Monitoring external lighting

The diagram below shows the relationship, over the past year, between weekly electricity consumption and the number of hours of darkness per week for a surface car park. It is among the most consistent cases I have ever seen:

Figure 1: relationship between kWh and hours of darkness

 

 

There is a single outlier (caused by meter error).

Although both low daylight availability and cold weather occur in the winter, heating degree days cannot be used as the driving factor for daylight-linked loads.  Plotting the same consumption data against heating degree days gives a very poor correlation:

Figure 2: relationship between kWh and heating degree days

There are two reasons for the poor correlation. One is the erratic nature of the weather (compared with very regular variations in daylight availability) and the other is the phase difference of several weeks between the shortest days and the coldest weather. If we co-plot the data from Figure 2 as a time-series chart we see this illustrated perfectly. In Figure 3 the dots represent actual electricity consumption and the green trace shows what consumption was predicted by the best-fit relationship with heating degree days:

Figure 3: actual kWh compared with a weather-linked model of expected consumption

Compare Figure 3 with the daylight-linked model:

Figure 4: actual and expected kWh co-plotted using daylight-linked model

One significant finding (echoed in numerous other cases) is that it is not necessary to measure actual hours of darkness: standard weekly figures work perfectly well. It is evident that occasional overcast and variable cloud cover do not introduce perceptible levels of error. Moreover, figures for UK appear to work acceptably at other latitudes: the case examined here is in northern Spain (41°N) but used my standard darkness-hour table for 52°N.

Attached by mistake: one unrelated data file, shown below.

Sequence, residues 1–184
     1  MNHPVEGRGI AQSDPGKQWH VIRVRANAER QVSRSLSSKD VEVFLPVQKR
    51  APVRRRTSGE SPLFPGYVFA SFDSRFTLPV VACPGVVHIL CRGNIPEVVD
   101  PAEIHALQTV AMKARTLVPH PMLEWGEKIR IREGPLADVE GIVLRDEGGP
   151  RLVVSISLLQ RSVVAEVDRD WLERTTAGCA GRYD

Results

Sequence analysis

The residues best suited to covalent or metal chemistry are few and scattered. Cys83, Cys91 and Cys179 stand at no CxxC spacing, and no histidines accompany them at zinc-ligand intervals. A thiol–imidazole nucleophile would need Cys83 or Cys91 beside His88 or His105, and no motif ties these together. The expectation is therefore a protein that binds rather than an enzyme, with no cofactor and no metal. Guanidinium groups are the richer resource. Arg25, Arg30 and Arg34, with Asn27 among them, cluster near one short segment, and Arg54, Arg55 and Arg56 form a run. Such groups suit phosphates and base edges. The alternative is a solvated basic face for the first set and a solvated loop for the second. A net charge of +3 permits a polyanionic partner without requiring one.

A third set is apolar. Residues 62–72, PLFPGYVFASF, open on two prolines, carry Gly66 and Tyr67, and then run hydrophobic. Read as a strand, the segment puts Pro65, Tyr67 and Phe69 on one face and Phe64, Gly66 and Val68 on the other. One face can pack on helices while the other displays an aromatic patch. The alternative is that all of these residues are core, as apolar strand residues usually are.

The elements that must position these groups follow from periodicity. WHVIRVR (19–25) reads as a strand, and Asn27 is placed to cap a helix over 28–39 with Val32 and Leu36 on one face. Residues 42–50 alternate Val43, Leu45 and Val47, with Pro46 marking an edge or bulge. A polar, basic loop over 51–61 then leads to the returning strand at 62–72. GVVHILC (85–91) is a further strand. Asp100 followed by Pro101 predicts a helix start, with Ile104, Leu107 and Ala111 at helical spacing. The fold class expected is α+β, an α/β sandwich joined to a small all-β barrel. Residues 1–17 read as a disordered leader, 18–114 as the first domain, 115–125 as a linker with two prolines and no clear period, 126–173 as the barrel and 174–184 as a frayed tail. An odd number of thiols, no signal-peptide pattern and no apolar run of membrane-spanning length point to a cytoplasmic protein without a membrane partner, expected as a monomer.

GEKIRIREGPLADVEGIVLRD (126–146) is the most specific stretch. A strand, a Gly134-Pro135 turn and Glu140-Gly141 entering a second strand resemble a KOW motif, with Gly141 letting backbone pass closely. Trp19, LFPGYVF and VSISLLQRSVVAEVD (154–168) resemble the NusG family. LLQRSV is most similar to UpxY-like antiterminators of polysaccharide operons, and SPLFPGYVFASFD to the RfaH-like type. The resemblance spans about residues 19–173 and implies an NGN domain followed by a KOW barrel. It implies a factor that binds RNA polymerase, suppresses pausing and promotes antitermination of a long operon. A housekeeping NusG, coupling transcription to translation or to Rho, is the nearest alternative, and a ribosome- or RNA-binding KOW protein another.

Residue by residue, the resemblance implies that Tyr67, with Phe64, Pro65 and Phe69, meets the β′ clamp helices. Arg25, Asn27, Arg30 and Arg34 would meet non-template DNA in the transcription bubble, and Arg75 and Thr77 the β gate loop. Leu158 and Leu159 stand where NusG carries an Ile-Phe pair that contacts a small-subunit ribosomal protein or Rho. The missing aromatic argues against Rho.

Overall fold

You can download my standard weekly and monthly hours-of-darkness tables here.

This article is promoting my advanced energy monitoring and targeting workshop in Birmingham on 11 September

 

 

ISO 50001: transition to 2018 edition

The story so far: ISO 50001 is an international standard which lays down a harmonised recommended method for managing energy. Published in 2011, it is analogous to ISO 14001, which covers environmental management and ISO 9001 for quality management. Organisations can be certified to ISO 50001 to show that they have energy-management procedures which meet certain criteria. 

At the time of writing, the original 2011 edition of ISO50001 is due to be phased out and replaced with a new 2018 version. To help understand the differences,  I have approached it from the point of view of the main topics that you or an auditor might explore when establishing compliance, and the questions that would be asked. I give the section references of both old (2011) and new (2018) editions, and where necessary there is a note of any material differences.

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Project sketch: vetting product offers

My client in this case is an international hotel brand. Individual hotels get approached by people selling questionable energy-saving products and rarely if ever have enough knowledge to defend themselves against bogus and exaggerated offers.

The company has established a core group of engineers and sustainability staff to carry out centralised vetting. My job is to provide technical advice during the initial filtering phase and to join a twice-yearly meeting to interview suppliers who are being taken further.